The priorities include “promoting economic growth and reforms, fighting terrorism and other threats to peace and security, and building on Nigeria’s role as a democratic leader in the region,” she said.

Buhari, a 75-year-old former military ruler who took office in 2015, last week announced that he would seek a second term in elections next year. He flew to Britain for talks with Prime Minister Theresa May shortly after the announcement.

Last week Buhari was invited to discuss communal killings with the House of Representatives. The spate of killings in central Nigeria has left hundreds of people died in clashes this year between semi-nomad herdsmen and settled farmers in central states, including 16 killed in an attack on a church in Benue last Tuesday.

The incessant violence has raised concerns as to whether or not the government has the ability to maintain security in the country, applying pressure to Buhari less than a year before the election.

The motion in the lower house called for the president to appear to discuss the situation in Benue, where the highest-profile killings have taken place, and other states in the region, including Taraba, Nasarawa, and Kaduna.

In recent weeks Buhari has drawn criticism from social media and the opposition for saying many young Nigerians think they need “do nothing” to enjoy free homes, hospitals, and schooling because they live in an oil-rich country.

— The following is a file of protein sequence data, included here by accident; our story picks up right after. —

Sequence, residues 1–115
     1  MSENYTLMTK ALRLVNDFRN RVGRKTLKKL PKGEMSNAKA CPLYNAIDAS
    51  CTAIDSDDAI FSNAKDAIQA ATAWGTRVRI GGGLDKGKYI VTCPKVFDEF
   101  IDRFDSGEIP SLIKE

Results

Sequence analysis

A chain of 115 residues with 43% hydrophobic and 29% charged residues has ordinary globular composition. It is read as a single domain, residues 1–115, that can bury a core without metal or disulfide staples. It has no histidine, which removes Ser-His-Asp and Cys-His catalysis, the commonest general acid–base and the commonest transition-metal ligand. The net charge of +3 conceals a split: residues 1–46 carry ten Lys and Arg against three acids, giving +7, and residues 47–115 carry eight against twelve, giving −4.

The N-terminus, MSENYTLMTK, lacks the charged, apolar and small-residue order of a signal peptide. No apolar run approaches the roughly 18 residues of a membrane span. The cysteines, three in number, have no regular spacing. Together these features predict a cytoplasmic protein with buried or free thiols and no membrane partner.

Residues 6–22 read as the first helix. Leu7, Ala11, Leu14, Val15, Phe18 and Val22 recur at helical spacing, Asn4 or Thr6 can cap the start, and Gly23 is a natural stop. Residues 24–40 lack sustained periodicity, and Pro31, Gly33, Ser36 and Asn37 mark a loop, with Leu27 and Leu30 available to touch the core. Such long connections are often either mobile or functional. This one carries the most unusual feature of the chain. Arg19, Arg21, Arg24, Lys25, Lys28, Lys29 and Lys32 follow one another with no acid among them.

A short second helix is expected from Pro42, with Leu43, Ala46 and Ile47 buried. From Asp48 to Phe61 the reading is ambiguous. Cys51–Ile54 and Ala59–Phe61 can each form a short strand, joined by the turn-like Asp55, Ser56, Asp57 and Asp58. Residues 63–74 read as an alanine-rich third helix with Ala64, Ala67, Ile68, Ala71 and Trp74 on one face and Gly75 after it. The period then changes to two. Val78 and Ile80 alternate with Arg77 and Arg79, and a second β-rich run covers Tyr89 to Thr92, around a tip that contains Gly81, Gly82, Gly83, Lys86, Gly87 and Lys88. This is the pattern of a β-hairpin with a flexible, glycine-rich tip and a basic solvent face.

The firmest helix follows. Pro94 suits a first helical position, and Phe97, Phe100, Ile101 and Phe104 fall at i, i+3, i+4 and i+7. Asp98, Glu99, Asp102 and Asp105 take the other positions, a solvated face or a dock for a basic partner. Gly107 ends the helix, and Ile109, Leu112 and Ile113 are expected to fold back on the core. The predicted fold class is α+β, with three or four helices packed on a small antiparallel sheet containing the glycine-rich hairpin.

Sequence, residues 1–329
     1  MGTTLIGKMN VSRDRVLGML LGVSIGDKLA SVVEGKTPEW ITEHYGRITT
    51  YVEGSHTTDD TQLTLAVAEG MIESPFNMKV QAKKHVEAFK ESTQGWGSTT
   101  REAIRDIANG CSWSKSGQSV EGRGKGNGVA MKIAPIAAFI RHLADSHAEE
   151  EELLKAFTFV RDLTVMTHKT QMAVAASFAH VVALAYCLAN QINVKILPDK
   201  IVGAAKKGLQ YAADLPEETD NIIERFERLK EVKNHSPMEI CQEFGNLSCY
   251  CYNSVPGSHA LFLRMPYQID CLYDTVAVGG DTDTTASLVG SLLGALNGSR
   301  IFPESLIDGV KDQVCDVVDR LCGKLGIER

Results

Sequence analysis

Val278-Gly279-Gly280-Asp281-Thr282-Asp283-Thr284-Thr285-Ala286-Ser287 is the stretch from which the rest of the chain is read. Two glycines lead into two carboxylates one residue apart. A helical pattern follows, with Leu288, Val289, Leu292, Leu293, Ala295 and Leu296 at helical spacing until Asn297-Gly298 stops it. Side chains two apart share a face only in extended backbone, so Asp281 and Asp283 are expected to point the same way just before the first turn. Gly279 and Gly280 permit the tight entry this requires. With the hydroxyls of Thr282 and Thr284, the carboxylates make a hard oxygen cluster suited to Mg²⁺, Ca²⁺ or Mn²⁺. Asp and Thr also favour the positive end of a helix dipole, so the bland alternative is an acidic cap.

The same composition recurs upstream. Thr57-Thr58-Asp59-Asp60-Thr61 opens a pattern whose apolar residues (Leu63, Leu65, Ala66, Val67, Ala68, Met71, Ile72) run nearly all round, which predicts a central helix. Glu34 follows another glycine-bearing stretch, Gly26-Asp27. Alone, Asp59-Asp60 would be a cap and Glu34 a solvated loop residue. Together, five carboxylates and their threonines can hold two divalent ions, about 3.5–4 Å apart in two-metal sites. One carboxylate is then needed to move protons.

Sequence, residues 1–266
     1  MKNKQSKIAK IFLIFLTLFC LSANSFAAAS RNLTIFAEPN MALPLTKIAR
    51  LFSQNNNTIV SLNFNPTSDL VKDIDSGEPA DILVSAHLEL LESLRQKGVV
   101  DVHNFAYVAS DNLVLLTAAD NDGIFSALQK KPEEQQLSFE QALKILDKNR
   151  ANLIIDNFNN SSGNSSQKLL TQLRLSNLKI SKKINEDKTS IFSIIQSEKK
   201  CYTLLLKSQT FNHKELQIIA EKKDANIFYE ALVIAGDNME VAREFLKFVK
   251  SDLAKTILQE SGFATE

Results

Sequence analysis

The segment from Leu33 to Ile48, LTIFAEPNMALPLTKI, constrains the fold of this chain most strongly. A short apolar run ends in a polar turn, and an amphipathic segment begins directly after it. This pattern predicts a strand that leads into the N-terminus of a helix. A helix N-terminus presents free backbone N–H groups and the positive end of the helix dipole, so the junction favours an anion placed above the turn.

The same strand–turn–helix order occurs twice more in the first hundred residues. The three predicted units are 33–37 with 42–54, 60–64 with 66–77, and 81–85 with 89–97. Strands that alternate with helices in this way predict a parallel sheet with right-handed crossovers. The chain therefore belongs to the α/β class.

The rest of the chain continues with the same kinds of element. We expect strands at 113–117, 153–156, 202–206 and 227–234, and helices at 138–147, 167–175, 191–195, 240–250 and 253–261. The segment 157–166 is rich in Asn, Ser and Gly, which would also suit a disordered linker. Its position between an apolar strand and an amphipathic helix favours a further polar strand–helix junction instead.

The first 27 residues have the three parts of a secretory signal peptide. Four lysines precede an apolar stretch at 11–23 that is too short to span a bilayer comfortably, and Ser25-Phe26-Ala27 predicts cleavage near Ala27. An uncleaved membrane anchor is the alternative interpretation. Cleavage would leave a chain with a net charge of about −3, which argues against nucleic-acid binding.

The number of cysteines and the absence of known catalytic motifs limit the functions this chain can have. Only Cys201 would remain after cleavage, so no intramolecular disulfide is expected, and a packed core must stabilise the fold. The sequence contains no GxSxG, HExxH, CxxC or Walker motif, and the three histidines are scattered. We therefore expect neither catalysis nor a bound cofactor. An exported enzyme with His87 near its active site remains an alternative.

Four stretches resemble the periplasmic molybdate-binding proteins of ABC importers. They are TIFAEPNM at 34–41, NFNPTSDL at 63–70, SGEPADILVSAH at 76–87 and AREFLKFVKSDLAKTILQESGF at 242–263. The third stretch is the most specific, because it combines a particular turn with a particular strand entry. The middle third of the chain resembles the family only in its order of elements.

Buhari made comments in London where he attended the Commonwealth Heads of Government Meeting. “More than 60 percent of the population is below the age of 30,” he told a business forum last Wednesday according to the New York Times. “A lot of them haven’t been to school, and they are claiming that Nigeria has been an oil producing country, therefore, they should sit and do nothing, and get housing, healthcare, education free.”

These comments could adversely affect the people who he seeks re-election by if he wishes to remain the leader of Africa’s top oil producing country. The median age in the nation of around 190 million people is just 18, according to the United Nations.

His remarks prompted the hashtag #LazyNigerianYouths on twitter even though Buhari, a former general who was also a military ruler in the 1980’s, did not use the word lazy.

Young Nigerians cited examples of their industry and fortitude in a nation where most people live on less than $2 a day, public services are inadequate, and corruption is a household name.

“Imagine living and surviving in a country that has no plan for you and constantly tries to make life hard, yet we survive and try to break through. We are not #LazyNigerianYouths,” wrote Twitter user @UmehOMA.

Buhari has promised to mend the economy and reduce Nigeria’s dependence on oil, but it fell into recession in 2016, largely due to low crude prices. Growth returned last year but remains slow to return to normal production rate. Four out of every 10 people in the workforce are unemployed or underemployed.

The opposition People’s Democratic Party (PDP) described Buhari’s comments as “false, derogatory and unpatriotic.”

“Most disheartening is that these are the same young persons who form the highest demographic of voters that put their confidence in him in 2015,” it said in a statement.